Saturday night, May 27, 1916, Alick Angle, a miller, arrived home at 11
p.m. heavily intoxicated. He started a quarrel with his wife and began
to abuse her as soon as he entered the house. Angle was 45 years old;
his wife 36. Neighbors said there had been frequent quarrels, but none
of a serious nature until this night. It was said that Angle had been
drinking heavily of late and was jealous of his wife, the mother of
three children, although neighbors said there was no reason for his
While his 20 year old son argued with
his father, Mrs. Angle took refuge in the drugstore at 2401 Franklin
Avenue South. A 13 year old son said his father fired three shots at
him after Mrs. Angle left the house. The boy ran into the garden and
escaped. According to the children, Angle had threatened to kill the
Brushing his older son aside, Angle
pursued his wife to the drugstore, and as she faced him in the doorway
he fired three shots at her. Mrs. Angle had just opened the door to
enter the store when the first bullet struck her. She staggered and was
about to fall when two more shots were fired, one striking her in the
head, the other in the body. All took effect and Mrs. Angle dropped on
the threshold, dying instantly.
The druggist, in the
hope of stopping a crazed man, threw three heavy bottles at him. One
struck Angle in the face and he fled. Hurrying back to his house at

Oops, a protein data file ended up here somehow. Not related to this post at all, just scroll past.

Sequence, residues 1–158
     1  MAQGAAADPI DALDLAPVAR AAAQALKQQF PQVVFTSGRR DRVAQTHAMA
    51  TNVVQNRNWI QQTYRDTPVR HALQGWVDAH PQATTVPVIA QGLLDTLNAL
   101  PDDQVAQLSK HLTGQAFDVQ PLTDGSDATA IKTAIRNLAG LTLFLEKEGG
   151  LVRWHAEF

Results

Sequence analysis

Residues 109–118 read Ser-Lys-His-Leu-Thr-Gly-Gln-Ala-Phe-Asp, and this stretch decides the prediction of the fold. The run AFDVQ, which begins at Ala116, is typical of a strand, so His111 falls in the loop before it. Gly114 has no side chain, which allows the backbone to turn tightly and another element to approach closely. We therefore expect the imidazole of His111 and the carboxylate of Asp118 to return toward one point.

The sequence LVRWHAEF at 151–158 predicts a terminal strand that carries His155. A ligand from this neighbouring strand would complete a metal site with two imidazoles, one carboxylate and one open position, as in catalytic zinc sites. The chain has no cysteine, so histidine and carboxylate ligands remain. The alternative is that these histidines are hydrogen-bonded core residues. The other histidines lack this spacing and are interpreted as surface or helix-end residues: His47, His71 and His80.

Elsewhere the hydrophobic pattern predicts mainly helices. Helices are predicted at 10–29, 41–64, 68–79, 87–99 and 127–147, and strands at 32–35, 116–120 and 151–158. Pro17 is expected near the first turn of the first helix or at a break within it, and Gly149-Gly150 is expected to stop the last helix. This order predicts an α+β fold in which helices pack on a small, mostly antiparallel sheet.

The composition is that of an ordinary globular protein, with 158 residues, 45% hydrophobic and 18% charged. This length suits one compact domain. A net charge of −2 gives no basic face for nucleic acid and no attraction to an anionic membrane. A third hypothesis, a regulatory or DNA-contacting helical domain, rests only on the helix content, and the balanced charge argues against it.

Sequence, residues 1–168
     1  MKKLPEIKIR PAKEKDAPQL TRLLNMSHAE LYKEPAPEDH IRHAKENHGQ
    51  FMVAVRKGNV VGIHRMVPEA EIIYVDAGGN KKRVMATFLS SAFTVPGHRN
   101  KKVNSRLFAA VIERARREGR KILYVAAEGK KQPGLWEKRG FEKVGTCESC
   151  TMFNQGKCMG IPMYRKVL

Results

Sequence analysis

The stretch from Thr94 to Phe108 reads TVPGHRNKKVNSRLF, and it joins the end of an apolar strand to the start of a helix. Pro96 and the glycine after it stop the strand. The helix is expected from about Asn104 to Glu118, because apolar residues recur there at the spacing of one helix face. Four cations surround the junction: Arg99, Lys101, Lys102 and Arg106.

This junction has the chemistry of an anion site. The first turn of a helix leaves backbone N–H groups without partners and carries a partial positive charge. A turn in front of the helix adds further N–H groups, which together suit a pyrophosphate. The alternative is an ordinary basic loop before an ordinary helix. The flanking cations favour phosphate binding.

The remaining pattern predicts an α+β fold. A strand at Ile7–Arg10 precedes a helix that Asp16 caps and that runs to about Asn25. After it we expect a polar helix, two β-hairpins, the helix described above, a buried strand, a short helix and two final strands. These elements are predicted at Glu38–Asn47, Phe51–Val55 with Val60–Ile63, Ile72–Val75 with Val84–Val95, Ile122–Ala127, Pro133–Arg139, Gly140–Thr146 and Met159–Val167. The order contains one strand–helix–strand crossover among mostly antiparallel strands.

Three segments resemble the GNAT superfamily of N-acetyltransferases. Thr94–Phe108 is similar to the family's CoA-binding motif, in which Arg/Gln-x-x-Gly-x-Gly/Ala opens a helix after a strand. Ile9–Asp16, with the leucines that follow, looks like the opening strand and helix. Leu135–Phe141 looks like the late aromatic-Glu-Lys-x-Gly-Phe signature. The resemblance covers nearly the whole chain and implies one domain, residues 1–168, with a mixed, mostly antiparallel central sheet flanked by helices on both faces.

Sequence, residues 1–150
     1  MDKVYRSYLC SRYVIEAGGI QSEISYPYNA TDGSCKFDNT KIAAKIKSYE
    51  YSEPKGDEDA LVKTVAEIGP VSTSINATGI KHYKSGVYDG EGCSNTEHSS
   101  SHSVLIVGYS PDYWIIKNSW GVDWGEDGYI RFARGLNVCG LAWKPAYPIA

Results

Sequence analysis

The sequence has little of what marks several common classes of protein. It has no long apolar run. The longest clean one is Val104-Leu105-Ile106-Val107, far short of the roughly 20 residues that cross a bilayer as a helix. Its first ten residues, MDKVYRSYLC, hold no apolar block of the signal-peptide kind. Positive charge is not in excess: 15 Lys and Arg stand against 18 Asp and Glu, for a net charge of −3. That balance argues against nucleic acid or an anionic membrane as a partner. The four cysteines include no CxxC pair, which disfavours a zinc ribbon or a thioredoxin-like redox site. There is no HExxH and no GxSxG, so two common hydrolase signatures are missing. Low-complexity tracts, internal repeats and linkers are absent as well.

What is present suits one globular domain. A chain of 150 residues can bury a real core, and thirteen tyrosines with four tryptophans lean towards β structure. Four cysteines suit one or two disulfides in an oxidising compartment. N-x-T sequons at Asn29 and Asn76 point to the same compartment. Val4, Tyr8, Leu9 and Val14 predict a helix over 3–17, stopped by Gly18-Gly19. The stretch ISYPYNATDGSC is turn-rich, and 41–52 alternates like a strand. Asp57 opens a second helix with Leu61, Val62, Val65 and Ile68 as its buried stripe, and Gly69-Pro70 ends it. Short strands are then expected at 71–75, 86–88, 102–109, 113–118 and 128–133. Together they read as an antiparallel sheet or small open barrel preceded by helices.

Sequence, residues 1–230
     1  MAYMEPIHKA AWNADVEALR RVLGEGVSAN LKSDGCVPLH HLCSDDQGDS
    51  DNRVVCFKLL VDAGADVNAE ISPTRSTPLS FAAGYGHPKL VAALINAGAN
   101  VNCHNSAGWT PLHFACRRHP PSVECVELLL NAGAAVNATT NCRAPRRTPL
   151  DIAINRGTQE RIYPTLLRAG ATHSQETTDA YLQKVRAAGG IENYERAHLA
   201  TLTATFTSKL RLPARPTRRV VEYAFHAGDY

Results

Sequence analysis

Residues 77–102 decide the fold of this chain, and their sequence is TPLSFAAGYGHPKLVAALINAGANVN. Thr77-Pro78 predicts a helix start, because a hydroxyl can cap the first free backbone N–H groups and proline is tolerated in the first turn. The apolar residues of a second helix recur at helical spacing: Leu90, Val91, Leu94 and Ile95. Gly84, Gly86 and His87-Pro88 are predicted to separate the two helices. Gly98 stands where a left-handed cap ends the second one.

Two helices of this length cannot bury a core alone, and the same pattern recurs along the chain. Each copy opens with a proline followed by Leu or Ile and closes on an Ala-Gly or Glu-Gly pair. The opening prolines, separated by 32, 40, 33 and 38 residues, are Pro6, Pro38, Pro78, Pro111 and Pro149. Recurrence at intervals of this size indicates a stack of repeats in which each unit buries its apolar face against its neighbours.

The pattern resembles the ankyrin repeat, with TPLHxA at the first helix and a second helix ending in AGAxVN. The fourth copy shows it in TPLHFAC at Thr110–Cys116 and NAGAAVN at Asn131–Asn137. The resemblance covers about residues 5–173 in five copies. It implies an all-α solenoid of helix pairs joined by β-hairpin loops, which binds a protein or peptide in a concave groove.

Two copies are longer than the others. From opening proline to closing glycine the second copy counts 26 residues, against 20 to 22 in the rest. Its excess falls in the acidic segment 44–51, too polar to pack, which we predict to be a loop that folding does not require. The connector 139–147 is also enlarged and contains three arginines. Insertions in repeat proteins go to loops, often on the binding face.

2005 Twenty-fourth Avenue South, Angle began to barricade himself
inside. The children had taken refuge with the neighbors.
druggist had already notified the police, and Nels C. Anderson, a
motorcycle patrolman at the Minnehaha station was sent to the scene.
When he reached the house he ordered the man to surrender. Instead of
answering, Angle slammed the door in the officer’s face, but Anderson
forced it open and again gave Angle a chance to give himself up. The
only answer was a shower of bullets.
Not until then did
Patrolman Anderson use his revolver. He fired three shots, but was
dropped where he stood, wounded twice. One shot took effect in
Anderson’s neck and the other penetrated the liver. Anderson managed to
crawl out of the house and was hurried to the city hospital in the
police ambulance, which had arrived in answer to another call by the
After Patrolman Anderson fell, Angle then
retreated into the next room, piled the furniture against the door,
barricading himself in the house and dared anyone to enter.
detectives, in the charge of Chief of Police Oscar Martinson,
immediately surrounded the house. Before they could break in, they
heard two shots in quick succession. When the chief kicked in the door
he found Angle lying on the floor with two bullet holes in his body.
One bullet had penetrated the heart and he died instantly.
Anderson remained in extremely serious condition for four days, and he
finally succumbed to his mortal wounds on May 31, 1916 at city
hospital. He was 50 years old, married and the father of a family. He
lived at 3512 19th Avenue South. Interment was in Lakewood Cemetery on
June 3, 1916.
The horse, drawing an ice wagon, was left
unattended by the driver. The runaway occurred at Twenty-fourth Avenue
and Fillmore Street NE. When Patrolman ANDERSON attempted to stop the
horse he was knocked down and the horse stepped on him, puncturing the
Patrolman ANDERSON lived at 1922 Fillmore Street NE. He
was a widower. Interment was at Hillside Cemetery on February 4, 1928.